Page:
The 23-year-old has his own mental coach and has sought weakness in Okolie's mind - notably when taking out an advert in the Hackney Gazette to market Okolie for work after the bout.

"He will not fall over, he will keep fighting," adds Okolie. "I want to show I can knock out someone who really has something to fight for."

'This wasn't just given to me'

Isaac Chamberlain battled to a win after dislocating a shoulder during one of his wins as a pro
Isaac Chamberlain battled to a win after dislocating a shoulder during one of his wins as a pro

Promoter Hearn points to a pressure on Okolie given the Olympic pedigree he boasts over a rival without one.

Chamberlain has walked his own battle for headline status, none more so than when he scored a points win over Wadi Camacho in his sixth fight despite dislocating his shoulder during the bout.

His uncle and trainer has threatened to quit the sport if his fighter loses, such is confidence in camp. Never before has Okolie faced such hostility as a pro. If he is to reach the very top, events like this will provide crucial experience he can call upon in the future.

"They say that everything has been given to me," adds Okolie. "They say I've had an easy ride, but Eddie Hearn didn't come to Hackney and take me out of McDonald's, take me to Team GB then take me to Rio for the Olympics.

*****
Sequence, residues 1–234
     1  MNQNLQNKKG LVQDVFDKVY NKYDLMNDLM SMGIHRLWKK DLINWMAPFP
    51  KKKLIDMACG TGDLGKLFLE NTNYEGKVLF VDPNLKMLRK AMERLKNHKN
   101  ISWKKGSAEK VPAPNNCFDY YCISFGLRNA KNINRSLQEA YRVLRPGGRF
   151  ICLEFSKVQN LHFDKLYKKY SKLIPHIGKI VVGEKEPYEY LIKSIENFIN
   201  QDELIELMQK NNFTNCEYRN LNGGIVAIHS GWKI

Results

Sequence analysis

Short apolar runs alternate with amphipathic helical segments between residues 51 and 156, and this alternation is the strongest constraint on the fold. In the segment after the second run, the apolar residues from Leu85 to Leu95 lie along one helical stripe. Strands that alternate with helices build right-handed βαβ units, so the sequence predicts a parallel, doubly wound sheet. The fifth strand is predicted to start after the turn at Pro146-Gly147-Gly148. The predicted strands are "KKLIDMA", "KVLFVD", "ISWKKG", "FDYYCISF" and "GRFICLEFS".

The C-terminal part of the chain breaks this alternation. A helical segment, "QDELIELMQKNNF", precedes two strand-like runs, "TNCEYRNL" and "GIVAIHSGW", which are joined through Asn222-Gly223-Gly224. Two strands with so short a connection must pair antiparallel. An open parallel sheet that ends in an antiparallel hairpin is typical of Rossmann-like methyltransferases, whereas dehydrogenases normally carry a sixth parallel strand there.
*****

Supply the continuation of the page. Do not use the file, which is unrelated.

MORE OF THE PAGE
"The rivalry gives me a mix of emotions. I love the hype and being centre of attention because while you're in the ring all eyes are on you. But then, in terms of extra pressure, absolutely it is there.

"Then I see AJ selling 70,000 tickets and I think really, when you look at it, there are levels to pressure.

"This fight just increases the risk and the reward."

Risk and reward. The basis for Okolie's decision to turn pro is revisited. It is a theme which runs through boxing match-making. Win against Chamberlain and bigger rewards will present themselves. Lose and the critics will flock.